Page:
Despite using the leaf and seed of nettle on a regular basis, this year was the first time I have harvested and made tincture from the roots. I was lucky enough to be accompanied by Sascha, who I should probably mention, gathered the biggest root of all, honestly it was quite impressive!
I’ve been feeling the call of nettle root strongly this autumn and it keeps popping into my mind in relation to a particularly problematic case involving hormonal dysfunction. I have little experience of using the roots of nettle clinically other than in cases of male pattern baldness and problems of the prostate, most notably Benign Prostatic Hyperplasia (BPH). However the case in question is that of a woman, though certainly a testosterone imbalance is indicated in her symptoms, and there is little information available to support my intuitive nudging that this was the right medicine to turn to.
Several studies have shown the success of nettle root in treating BPH, particularly in its early stages when it can help to slow the growth of prostate cells, improve urinary flow and alleviate the constant urge to urinate. This is especially so when combined with other herbs such as Saw palmetto or Pygeum. It does this primarily by inhibiting proteins that help to carry certain hormones into the cells and would otherwise encourage the growth of prostate cells.
In its action of reducing the numbers of sex hormones available to the tissues I imagine that the benefits of nettle root must be more wide ranging than we usually consider. Though, without doubt, certain herbs may have a greater affinity for either male or female conditions and personalities, there is always some crossover and no herb can be said to belong exclusively to one sex or another. Traditionally, nettle root has been used to help menstrual irregularities and for this reason it’s best avoided in pregnancy. Linda Crockett, a herbalist specialising in women’s hormonal health, includes nettle root in her formulas for polycystic ovarian syndrome and Susan Weed writes, ‘ Use nettle root as a hair and scalp tonic, a urinary strengthener and stimulant, an immune system/ lymphatic strengthener and a bit of first aid’ – primarily in cases of diarrhoea.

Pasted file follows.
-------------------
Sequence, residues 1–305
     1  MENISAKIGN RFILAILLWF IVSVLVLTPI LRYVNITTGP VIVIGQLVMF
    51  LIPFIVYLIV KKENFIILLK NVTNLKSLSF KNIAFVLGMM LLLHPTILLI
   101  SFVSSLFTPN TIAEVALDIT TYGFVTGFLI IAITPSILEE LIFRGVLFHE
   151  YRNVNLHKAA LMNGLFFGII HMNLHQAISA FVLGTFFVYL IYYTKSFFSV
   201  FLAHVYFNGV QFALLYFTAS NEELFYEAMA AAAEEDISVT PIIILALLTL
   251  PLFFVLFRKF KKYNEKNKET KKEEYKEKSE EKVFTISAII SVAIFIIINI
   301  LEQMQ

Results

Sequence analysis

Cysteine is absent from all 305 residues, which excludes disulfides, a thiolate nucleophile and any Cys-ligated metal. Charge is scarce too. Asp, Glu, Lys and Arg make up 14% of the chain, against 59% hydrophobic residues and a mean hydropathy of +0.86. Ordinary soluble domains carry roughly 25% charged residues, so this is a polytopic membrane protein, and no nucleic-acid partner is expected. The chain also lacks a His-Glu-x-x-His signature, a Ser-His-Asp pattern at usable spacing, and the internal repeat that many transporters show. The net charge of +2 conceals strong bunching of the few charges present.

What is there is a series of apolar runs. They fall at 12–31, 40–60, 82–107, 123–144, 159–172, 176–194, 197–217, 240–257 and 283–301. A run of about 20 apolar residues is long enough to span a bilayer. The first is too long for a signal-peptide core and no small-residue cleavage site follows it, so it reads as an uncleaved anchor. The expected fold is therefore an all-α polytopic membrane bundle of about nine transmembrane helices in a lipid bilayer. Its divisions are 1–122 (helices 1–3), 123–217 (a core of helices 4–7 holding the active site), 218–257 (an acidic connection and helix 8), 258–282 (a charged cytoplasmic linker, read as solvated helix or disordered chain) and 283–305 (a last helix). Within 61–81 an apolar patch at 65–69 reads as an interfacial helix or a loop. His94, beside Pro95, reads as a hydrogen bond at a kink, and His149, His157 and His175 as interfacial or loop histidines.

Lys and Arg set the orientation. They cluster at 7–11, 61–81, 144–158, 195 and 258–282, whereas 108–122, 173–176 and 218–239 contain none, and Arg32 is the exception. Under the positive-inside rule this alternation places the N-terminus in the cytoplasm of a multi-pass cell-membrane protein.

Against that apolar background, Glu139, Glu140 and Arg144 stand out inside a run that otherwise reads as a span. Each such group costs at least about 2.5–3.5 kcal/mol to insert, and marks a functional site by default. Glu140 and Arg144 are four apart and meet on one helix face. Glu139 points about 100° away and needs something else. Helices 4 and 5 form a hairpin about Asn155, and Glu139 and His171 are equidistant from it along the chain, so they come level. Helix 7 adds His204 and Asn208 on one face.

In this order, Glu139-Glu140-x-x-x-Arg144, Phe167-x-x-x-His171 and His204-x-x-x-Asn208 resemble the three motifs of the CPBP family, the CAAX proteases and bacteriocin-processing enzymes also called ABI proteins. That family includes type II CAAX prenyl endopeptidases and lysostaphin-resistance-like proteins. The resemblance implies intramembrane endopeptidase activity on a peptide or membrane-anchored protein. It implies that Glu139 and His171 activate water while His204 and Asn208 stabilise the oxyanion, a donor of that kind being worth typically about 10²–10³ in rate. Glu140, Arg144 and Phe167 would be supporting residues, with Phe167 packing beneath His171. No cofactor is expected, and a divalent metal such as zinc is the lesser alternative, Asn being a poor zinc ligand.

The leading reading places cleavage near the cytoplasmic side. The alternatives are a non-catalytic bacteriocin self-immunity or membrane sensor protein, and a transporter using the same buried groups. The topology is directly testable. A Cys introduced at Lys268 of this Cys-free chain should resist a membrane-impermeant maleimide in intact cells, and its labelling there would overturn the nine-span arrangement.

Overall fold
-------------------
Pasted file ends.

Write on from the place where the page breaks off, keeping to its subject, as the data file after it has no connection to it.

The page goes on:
There is also some information available online, though it’s hard to know how much of it you can trust, especially when one website contained the following gem, ‘Nettle root is commonly prized for its stems and leaves, which are reported to contain numerous health benefits’. Anyone else notice the obvious flaw there?
I feel like, in getting to know nettle root, I’m accessing a whole new facet of a long time favourite herbal ally, and I’m really excited to carry on my research and experimentation into the possibilities for its different healing applications.
When digging roots it’s especially important to connect with the plants an ask permission because, unlike when you gather the arial parts of perennial herbs, you are taking the life of the plant when you harvest its roots.
The soil is very sticky clay round here so our roots needed a good soak before scrubbing with a brush and chopping finely ready for tincturing.
I’m quite excited to try the finished result and will be experimenting on myself before giving it to my client. I hope to have some interesting findings to report back before too long.
Healing Our Hormones, Healing Our Lives – Linda Crockett
Healing Wise – Susun Weed
Principles and Practice of Phytotherapy – Mills and Bone